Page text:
A woman named Margaret Woods, whose brother-in-law and a little niece were fatally injured in the ea-st coast bom bard- ment, has been found dead on the North Sands, Hartlepool. Notices handed in at the West Yorkshire collieries by the miners are to be withdrawn except from twenty-nine firms. These have not yet given a written guarantee that they would pay their men a minimum wage.
OUR CHILDREN'S CORNER. BY | UNCLE RALPH. I My DEAR CHILDREN,— I I am very glad to be able to gather from your letters to me this week that so many of you really enjoy solving our Word Square Competitions; but I am afraid there are just a few exceptions. Two or three of my little nieces and nephews having written to say they cannot ferret them out correctly; if not the whole, then one or even two of the words have proved a stumbling- block. That after all is only a trifle, and we must not be disheartened at trifles, must we? I wonder how many of you have read the story of King Robert Bruce and the spider? If you have, suppose you write and tell me what you think about it! The spider is a brave little creature, much more brave than some of us, and if we were to watch him when he is building his home we would find that, even though his web should break a. score of times, he docs not fall back, but starts up directly, and 6ets to work all over the same ground again. If you have failed in one Competition you must not be down- hearted, but work with an extra will at the next and see what you can do. At any rate, I am quite sure the result will be an im- provement on the Imt. and it is only little by little that the great things are accom- plished—by perseverance, and by so much patience as a blade of grass grows, content as it is with all the changes of heat and cold, but always expanding. One little niece quotes the old proverb, "If at first you don't succeed, try, try, try again! She is quite right, and that is the way. I like to see children who are in earnest, no matter what they undertake, persevere, and one day I am quite sure wlI find them at the top of the tree. After all, we are living in a land where freedom cf thought and action is our happiness, and if we miss "top marks" once there is nothing, of course, to bar the way to our later euceefts. Talking of the tree top ri-minds me that this is the month when the birds begin to build, and on fine mornings we shall hear the thrush and blackbird piping out the news tltfit spring is coming. The swallows, too, will be returning to their old homes, and the rooks gather themselves together in ths t-all trees to discuss everything relating to rook laws and customs. What noisy birds tbgv are! This week, instead cf a Word Square, I r.m giving you what is known as a Diamond Puzzle, and the central letters of each line read downwards and across form the name of a large. well-known country. To give you plenty of time. I will keep this Competition open until March 11th. lyhen you have finished your solutions, address them in the usual way to "Uncle Ralph," La Belle Sau- sage, London, EC.-—With my love to you all, ever your affectionate LXCLB RALPH. ANSWERS TO LETTERS. CYRIL GOLDING Thank you very much for the nice photograph, Cyril, which I am very pleased to have. Your No. is 171—qu\te an old member. Michael's No. is 2789. I am glad to welcome him as a member. Dor.is SHOEL: I am glad to have your interesting letter, and to know just what you are doing. Your No. in the Corner" is 2218. I printed your No. some time ago, 1 'oris, but I am afraid you must have missed it. WINIFRED MI'MEY: So sorry to hear you have been ill. I hope you are now very much better. I am glad to know you were EO pleased with your prize. You must try again. MAY WILBY: Yes, the Spring with all its beautiful flowers will soon be here. I too have some hyacinths and snowdrops in my garden. ELSIE DOWLER Thank you for your letter. I shall be very glad to welcome you as a member. Will you fill up a coupon, Elsie? MARGARET F ARLAM 10U must not get blown into the sea, or I shail lose a niece. The weather has been rough in London, too, but I expect you have felt it the most. GWEN RAISON I am very glad to have your letter, and to know that you are doing so much for the "Corner." I hope your concert will be a great success. ANNA POLAND: Yes, Anna, you are quite correct. The more letters I receive from members the more pleased I shall be, and I am glad to have yours. Give my love to Peter. KATE ELY: So 'sorry to hear you have been ill, also your sister, but hope you aN now very much better. Thanks for kind wishes. MURIEL HUTCHINSON: I shall be glad to welcome both you and your sister as mem- bers. Will you each fill up a coupon? Yes, I know your friends well, and they write to me very often. I shall look forward to re- ceiving the letter which Edith has promised. CONNIE PATERSON: SO glad to hear from you once again. Your No. is 341. You are quite an old member. I am glad to know you have been busy working for the sold iers. HAROLD YOLNG: Yes, Harold. I did wonder when I should hear from you again. I am glad you like your membership card. SOLUTION OF SQUARE WORD COMPETITION. No. 2. EARS ARE A R E A I, SALT LIST OF PRIZEWINNERS. Volumes: Evelyn Calvert Gomor Mitchell. Boxes of Fry's Chocolates: Doris Bard- Well, George Horner. Pictorial Blotters: Eathy Hall, Arthur Pavord. DIAMOND PUZZLE. No. 1. 1. A vowel. 2. A bird. 3. A bony substance. 4. A large country. 5. To twist. 6. A cold substance. 7. A vowel. New Members.—2,784, William Patton; 2,785, J. H. Cole; 2,786, Edith Kelty; 2,787, Gladys Manners; 2,788, L. Edmunds; 2,789, Michael Golding; 2,790, Ruby Porter; 2,791," Joan Pinekard; 2,792, George Horner" 2,793, John Walton 2,794, Doris Garrand.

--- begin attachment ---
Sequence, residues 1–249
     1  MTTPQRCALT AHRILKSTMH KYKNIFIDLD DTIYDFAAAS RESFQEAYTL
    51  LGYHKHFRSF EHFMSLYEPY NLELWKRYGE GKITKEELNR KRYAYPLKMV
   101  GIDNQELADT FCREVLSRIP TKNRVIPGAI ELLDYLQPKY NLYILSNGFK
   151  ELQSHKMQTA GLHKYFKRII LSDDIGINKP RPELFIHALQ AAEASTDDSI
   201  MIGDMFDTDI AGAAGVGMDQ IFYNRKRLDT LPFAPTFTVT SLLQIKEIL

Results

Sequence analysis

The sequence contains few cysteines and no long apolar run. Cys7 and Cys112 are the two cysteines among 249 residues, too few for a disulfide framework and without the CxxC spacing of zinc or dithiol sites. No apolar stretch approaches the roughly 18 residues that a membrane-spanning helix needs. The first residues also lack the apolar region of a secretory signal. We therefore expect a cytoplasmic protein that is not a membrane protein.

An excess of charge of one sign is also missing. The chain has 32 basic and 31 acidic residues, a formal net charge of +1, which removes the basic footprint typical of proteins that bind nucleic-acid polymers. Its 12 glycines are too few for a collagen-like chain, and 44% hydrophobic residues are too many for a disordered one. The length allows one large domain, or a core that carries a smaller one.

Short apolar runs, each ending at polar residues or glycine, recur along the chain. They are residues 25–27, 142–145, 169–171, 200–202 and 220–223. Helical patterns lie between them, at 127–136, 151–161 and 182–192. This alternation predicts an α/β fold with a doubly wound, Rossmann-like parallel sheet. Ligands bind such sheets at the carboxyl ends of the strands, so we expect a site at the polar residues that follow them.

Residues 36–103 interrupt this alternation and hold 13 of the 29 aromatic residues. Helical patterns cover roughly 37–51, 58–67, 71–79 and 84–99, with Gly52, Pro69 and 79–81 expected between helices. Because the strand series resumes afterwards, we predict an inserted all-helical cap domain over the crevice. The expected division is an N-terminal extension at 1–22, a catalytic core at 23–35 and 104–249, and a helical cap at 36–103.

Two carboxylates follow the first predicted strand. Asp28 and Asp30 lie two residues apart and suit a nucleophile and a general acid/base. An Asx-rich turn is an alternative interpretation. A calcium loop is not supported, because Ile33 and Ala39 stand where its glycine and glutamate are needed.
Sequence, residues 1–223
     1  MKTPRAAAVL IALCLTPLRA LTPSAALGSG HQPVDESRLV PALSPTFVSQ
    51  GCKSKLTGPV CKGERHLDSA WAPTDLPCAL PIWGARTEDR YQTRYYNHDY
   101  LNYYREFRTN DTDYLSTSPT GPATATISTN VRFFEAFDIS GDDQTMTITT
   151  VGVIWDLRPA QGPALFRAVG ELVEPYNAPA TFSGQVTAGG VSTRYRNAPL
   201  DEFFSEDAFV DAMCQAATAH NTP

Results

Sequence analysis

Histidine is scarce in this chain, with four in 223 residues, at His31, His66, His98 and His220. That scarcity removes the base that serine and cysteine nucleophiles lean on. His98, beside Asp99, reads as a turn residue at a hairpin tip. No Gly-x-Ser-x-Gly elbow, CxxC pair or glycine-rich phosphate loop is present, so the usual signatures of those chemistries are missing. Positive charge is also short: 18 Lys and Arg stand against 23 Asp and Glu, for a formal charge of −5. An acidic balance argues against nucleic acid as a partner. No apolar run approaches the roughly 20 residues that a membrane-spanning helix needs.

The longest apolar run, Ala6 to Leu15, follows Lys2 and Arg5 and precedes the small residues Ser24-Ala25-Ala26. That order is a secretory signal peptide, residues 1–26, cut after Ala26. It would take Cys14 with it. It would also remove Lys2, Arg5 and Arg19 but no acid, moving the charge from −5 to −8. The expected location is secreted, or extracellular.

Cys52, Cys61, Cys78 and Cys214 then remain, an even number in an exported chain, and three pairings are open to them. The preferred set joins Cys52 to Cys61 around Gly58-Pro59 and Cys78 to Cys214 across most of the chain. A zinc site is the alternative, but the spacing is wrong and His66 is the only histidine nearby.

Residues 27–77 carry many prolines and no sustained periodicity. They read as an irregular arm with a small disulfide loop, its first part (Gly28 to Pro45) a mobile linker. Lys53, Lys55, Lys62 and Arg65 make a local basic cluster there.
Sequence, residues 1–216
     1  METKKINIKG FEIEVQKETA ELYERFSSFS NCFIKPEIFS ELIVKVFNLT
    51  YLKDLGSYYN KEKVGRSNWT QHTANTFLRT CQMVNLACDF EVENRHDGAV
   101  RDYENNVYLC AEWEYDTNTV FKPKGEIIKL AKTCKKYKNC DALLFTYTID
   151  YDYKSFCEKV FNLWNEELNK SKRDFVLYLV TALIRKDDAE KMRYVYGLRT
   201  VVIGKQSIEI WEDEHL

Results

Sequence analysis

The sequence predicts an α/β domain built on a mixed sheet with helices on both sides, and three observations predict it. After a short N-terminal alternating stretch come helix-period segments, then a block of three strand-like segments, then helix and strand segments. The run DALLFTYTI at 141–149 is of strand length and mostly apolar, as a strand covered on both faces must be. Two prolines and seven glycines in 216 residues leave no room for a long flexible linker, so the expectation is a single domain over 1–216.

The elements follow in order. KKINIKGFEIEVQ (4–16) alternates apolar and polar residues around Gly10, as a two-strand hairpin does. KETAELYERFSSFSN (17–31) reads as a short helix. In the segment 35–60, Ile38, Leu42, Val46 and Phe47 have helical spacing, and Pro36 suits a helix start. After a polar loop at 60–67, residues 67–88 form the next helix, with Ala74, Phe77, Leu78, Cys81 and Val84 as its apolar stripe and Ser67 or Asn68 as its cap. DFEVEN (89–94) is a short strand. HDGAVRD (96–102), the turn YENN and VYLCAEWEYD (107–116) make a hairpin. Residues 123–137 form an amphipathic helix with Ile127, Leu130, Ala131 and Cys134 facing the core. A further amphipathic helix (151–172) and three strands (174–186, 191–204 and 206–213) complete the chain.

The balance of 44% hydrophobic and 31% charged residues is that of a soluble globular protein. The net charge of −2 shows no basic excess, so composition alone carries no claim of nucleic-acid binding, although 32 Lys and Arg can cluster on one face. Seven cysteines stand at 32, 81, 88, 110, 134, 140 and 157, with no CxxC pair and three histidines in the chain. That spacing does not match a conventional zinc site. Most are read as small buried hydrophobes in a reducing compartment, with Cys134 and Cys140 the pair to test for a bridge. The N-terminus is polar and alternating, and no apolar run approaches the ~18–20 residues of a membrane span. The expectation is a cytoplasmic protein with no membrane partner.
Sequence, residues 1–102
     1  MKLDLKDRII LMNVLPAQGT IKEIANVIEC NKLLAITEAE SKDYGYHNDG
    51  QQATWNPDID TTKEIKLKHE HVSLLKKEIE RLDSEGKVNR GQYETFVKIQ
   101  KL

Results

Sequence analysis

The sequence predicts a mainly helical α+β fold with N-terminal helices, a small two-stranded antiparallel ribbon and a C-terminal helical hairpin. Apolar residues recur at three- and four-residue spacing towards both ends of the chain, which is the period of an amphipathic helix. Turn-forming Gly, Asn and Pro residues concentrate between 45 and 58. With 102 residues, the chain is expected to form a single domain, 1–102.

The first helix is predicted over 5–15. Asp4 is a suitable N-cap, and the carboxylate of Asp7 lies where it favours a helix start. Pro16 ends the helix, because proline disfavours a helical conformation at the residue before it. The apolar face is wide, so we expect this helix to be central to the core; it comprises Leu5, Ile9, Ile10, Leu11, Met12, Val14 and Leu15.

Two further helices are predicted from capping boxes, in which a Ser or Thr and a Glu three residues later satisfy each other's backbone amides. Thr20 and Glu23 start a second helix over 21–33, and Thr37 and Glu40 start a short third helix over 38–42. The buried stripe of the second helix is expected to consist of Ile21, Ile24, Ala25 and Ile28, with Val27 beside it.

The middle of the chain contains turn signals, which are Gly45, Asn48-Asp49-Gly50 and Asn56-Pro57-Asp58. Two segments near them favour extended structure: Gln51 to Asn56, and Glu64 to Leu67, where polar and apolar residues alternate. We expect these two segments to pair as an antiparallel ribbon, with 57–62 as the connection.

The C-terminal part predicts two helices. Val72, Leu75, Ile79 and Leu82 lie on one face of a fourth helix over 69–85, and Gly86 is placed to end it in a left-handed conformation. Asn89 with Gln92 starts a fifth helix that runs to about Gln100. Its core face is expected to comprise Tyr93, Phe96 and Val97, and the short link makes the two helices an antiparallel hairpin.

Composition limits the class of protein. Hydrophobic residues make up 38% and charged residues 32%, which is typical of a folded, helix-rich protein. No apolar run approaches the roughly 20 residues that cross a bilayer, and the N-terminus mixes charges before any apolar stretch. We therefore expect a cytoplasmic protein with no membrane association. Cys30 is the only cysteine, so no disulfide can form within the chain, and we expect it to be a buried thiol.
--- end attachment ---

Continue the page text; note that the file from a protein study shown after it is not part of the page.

CHILDREN'S CORNER UNION. J Founded by UNCLE RALPH. I Open to aU Boy* and Gin. under 15 years I of air.. B RULES OF MEMBERSHIP. I 1. To do a good turn to someone every day. | 2. To be bright and sunny from morning till night. 3. To be kind and considerate to others. 4. To be truthful, honest and diligent. 1 5. To be unselfish in thought and action. I 6. To be kind to all animals.
I BROTHERS KILLED IN ACTION. In one of the latest lists of officers killed is the name of Lieutenant C. M. Cottrell-Dormer, D.S.O., of the Coldstream Guards, a younger brother of 2nd Lieutenant C. Cottrell-Dormer, of the Scots Guards, who was killed on October 17. This i« ihe sixteenth known case of British officer brothers being killed on ser- vice in France.
In one of the engagements which took place in France, Corporal James Gardner, of the 2nd Wilts, had a very lucky escape from death. A piece of shell struck one of the buttons on his tunic, which, fortunately, saved him from injurv. Corporal Gardner went through the Boer War, and was one of the first to join the colours again for the present war. i